Vladimir Jaroslav Fewkes was born in Czechoslovakia on March 23, 1901. He arrived in Philadelphia in 1921. In 1926 the Wharton School awarded Fewkes a B.S. degree; he then went on to achieve a M.A. in 1928 and a Ph.D. in 1930. During most of his graduate study, he was an Instructor in the Anthropology department, and a research associate in the University Museum. He has conducted field work in Prague, the Danube Valley and Yugoslavia. The textual records from the personal papers of Vladimir J. Fewkes consist of 1.5 linear feet of correspondence, fieldwork and research notes and catalogues, published and unpublished writings, and school notes.
Watson Kintner, a University of Pennsylvania graduate and a man of means, traveled to more than 30 nations between 1933 until 1969. On his travels Kintner avoided tourist destinations, instead recording the daily life among the peoples visited, as well as sites of archaeological interest. Kintner took photography very seriously, and in the late 1960s and 1970s funded weekend seminars for University of Pennsylvania Museum graduate students. Upon his death, Kintner left an endowment towards various Museum activities and programs. Kintner’s travel records consist of three linear feet of journals, film notes, bills, correspondence, and preparatory notes on the culture, geography and history of the countries he visited (and some that he didn’t) between 1951 and 1969.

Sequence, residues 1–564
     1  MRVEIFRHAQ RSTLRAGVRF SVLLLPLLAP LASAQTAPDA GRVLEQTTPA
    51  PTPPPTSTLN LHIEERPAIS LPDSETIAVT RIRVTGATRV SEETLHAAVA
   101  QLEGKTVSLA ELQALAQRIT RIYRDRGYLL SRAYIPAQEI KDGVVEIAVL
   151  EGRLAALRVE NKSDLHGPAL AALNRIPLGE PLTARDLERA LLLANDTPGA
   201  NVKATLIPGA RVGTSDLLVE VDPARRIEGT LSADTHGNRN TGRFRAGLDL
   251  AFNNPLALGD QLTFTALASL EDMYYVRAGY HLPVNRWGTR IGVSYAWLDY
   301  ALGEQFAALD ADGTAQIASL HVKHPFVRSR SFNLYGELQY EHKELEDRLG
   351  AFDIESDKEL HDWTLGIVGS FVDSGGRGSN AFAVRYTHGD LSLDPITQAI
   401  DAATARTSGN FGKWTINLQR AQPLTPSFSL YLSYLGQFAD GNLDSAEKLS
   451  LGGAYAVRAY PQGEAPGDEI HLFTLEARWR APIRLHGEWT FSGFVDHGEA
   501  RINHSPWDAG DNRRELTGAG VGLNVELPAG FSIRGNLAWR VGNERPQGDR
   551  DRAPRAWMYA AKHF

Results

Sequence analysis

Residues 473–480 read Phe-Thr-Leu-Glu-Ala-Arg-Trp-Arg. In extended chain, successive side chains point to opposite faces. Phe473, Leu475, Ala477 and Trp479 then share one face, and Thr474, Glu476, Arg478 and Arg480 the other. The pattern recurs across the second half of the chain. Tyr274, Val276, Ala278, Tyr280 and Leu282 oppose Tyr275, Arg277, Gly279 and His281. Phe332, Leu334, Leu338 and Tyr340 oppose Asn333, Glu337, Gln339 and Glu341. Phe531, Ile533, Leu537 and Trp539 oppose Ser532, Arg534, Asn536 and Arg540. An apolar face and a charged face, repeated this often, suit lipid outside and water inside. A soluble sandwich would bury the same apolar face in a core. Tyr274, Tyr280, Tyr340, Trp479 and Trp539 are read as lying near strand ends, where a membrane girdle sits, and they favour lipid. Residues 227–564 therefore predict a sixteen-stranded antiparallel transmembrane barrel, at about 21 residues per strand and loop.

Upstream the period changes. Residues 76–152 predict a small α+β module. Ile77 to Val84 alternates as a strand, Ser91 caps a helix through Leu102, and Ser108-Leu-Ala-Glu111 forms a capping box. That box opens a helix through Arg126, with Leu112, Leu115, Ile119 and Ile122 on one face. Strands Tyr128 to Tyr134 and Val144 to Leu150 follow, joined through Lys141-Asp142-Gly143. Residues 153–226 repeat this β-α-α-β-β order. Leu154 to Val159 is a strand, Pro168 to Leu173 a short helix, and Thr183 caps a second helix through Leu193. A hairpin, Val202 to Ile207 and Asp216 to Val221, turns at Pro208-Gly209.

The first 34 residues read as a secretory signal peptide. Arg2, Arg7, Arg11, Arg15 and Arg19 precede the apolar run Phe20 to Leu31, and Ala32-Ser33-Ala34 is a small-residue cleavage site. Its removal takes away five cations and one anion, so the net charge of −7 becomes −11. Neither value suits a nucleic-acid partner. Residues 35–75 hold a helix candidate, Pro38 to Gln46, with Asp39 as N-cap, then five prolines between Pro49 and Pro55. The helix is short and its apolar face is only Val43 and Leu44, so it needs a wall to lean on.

The William H. Davenport collection includes records from field research in the Santa Cruz Islands, Guadalcanal and San Cristobal Islands, and other Solomon Islands; the Moluccas and Sulawesi in Indonesia; and Sarawak in Malaysia, among other locations. Materials span the period from 1952-2002 and contain records primarily related to Davenport's field research, professional activities, student mentoring, and articles and publications.
In 1896 the University of Pennsylvania Museum sponsored its first expedition to Russia. The Museum sent Zelia Nuttall (now remembered mainly for her work in the area of Mexican studies) as its representative on a trip to establish cordial relations and a system of exchanges and cooperation, and to obtain archaeological and ethnological specimens by gift or exchange. Nuttall traveled to Moscow, Kiev, Troitzkoi, Rostov, Nijni-Novgorod, and Riga. She also attended ceremonies for the coronation of Nicholas II and there acquired commemorative prints which she donated to the Museum and to Mrs. Hearst. The collection consists mainly of correspondence from Nuttall to William Pepper and Sara Yorke Stevenson, inventories of objects acquired, and images collected at the Pan-Russian Industrial and Art Exhibition at Nijni-Novgorod (modern Gorki).